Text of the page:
These guards are excellent for preventing clogs because they only let the water in, keeping all twigs, leaves, and debris outside. However, they need regular maintenance, which may be a hassle. On top of that, they don’t work for frosty climates because they may freeze and clog the gutters.
Aside from inserts, there are also gutter screens, which keep the debris out because they have tiny holes that only let water in. Such screens are mostly made of aluminum or any material that resists rust.
If your downspouts are too narrow, this may be the reason they get clogged so easily. Though not an easy solution, expanding them should solve this problem once and for all.
Larger downspouts won’t get clogged if a few sticks and twigs found their way inside, so even if they collect debris, it’ll come out with the water. On top of that, expanding your downspouts will cause them to redirect more water away from your house, which is ideal for rainy areas.
However, as with all solutions, this one comes with its share of downsides. For example, you may need to upsize the gutter as well, which will cost you plenty of money, particularly if the building is tall.
Installing a gutter guard is more cost-efficient, and it’s easily reversible if any issue arises.
Even if you manage to install guards or upsize your downspouts, there are still further steps to take to ensure no clogging occurs. A larger downspout will still clog if you don’t clean the debris frequently enough.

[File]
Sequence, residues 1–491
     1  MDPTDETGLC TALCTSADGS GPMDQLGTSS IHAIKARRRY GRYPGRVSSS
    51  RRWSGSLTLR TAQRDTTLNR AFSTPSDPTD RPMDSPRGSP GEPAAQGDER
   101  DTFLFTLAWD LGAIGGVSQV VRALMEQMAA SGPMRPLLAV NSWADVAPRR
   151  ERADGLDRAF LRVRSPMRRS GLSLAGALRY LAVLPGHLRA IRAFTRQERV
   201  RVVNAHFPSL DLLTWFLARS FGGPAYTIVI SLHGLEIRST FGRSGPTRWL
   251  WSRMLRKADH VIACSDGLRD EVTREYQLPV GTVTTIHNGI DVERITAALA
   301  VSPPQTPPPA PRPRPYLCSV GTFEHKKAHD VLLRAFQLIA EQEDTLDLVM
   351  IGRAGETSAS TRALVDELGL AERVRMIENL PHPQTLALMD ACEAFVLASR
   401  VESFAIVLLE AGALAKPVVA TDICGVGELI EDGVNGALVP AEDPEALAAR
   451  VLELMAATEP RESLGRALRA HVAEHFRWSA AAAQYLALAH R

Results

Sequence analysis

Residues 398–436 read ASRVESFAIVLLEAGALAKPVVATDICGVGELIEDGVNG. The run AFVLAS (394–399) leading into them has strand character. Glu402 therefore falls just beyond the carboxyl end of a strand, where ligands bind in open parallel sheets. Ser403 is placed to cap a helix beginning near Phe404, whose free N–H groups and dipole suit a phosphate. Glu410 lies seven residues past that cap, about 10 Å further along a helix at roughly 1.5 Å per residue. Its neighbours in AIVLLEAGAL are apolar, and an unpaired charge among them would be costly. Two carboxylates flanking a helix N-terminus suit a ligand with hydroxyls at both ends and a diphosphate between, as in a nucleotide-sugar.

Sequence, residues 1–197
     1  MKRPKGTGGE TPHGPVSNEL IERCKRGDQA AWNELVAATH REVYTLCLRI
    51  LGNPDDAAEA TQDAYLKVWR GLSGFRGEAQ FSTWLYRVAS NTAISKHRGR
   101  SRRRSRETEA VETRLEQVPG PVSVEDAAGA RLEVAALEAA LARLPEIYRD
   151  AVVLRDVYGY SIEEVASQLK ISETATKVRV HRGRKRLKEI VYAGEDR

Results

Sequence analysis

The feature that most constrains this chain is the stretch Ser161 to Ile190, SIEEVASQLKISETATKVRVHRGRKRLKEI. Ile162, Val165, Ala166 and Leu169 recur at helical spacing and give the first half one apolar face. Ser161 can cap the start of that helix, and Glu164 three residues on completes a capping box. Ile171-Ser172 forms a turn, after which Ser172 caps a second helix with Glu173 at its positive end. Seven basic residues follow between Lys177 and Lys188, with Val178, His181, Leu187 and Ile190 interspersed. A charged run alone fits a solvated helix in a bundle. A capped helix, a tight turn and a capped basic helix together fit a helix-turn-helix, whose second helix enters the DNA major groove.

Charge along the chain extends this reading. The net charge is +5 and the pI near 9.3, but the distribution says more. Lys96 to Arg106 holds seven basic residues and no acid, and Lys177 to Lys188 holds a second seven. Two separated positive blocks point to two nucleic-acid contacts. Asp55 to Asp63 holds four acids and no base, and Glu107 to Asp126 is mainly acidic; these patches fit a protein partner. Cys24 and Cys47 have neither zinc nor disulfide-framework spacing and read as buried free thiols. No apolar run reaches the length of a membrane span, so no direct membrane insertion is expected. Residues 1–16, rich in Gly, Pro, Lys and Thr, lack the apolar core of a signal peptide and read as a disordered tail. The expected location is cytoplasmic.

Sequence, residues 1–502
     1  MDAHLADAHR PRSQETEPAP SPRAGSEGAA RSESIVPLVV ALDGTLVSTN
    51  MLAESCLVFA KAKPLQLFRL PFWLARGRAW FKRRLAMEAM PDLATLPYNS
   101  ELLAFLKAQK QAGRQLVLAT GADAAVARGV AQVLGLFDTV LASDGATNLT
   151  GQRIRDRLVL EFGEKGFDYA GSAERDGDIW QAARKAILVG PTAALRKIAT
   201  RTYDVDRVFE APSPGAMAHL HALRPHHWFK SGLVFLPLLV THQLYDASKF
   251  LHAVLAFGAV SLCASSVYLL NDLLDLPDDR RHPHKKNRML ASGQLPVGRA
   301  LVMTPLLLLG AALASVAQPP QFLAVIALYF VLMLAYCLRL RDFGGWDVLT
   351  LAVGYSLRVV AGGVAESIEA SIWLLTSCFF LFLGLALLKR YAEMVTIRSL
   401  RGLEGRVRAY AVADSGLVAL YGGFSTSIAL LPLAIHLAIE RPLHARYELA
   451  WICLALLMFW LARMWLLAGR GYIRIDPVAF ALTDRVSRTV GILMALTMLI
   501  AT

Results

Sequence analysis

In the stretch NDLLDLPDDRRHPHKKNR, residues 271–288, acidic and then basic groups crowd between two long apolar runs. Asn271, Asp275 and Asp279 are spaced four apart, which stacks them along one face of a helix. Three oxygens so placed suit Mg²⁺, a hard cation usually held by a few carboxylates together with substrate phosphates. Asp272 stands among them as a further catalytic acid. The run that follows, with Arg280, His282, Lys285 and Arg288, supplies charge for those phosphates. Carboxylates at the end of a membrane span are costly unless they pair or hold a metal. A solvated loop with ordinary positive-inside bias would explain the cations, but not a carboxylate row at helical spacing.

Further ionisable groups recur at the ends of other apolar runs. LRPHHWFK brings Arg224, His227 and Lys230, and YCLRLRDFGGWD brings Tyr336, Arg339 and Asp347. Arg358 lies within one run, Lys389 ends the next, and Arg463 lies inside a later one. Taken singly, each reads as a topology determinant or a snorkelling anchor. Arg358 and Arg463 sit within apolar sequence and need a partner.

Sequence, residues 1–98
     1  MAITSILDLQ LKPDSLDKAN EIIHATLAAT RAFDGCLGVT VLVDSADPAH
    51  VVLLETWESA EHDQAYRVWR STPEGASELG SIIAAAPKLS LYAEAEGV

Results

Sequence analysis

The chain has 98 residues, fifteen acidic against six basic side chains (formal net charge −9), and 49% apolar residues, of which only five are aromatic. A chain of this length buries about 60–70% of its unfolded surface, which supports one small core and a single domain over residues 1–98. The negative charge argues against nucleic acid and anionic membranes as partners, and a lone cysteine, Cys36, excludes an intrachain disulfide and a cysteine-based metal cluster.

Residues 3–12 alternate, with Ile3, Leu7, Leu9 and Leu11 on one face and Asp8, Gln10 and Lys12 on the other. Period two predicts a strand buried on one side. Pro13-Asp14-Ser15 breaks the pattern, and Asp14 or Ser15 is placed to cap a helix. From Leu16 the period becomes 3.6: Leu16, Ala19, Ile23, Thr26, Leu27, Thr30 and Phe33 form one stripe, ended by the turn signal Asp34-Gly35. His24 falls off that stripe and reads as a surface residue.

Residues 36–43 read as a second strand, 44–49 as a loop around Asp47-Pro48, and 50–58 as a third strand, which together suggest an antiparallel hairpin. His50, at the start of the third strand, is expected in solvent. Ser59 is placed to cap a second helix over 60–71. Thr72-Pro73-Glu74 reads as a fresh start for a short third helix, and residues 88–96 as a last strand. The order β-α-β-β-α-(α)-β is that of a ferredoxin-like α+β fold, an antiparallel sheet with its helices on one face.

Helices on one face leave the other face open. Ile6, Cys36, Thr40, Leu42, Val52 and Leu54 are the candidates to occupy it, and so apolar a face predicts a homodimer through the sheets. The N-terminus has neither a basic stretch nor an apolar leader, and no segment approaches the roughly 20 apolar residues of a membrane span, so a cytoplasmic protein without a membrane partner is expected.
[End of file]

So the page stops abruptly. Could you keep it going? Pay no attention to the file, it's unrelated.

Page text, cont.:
Here’s how to prevent your downspout from clogging again:
If you have trees around your house, they may be directly contributing to your clogging problem. When trees aren’t trimmed regularly, they start dropping leaves, branches, and twigs everywhere. Most of these waste materials end up in your gutters, eventually finding their way into your downspouts and clogging them.
Trees right above your gutters pose an even bigger problem because they’re too close. In this case, you’ll have to keep an eye on them for any dropping leaves or twigs.
It’s also wise to watch out for any dropped leaves and clean them regularly. Even if they’re on the ground, some wind may direct them to the gutters.
If you regularly inspect your gutter for any debris, there’s a low chance any clog will happens.
Downspouts essentially clog because of too much debris inside, so the issue is easily preventable by regular cleaning.
Every once in a while, use a ladder and look inside the gutters. Wear a pair of gloves, carry a plastic bag, and start collecting all waste before throwing it out.
You can also check the areas between your gutters and walls for any leaking water.
After you’re done, crouch on the ground and inspect your downspouts closely.
It’s recommended to do this process once every month, but if your downspout keeps clogging, it’s better to do it once a week until you find the root cause.
If your downspout keeps clogging, it’s probably because of too much waste. It may also happen if the downspout is short or too narrow for the rain’s frequency.
In the case of the latter problem, the best solution would be to replace the downspout or upsize it. That’ll ensure a smooth water floor without any obstructions.
Other than that, you can install a gutter guard to keep the debris out. It’ll need regular cleaning and maintenance, but at least it’ll prevent clogging.
Ben has a bachelor’s degree in construction engineering. When not constructing or remodeling X-Ray Rooms, Cardiovascular Labs, and Pharmacies, you can find him at home with wife and two daughters. Outside of family, He loves grilling and barbequing on his Big Green Egg and Blackstone Griddle, as well as working on projects around the house.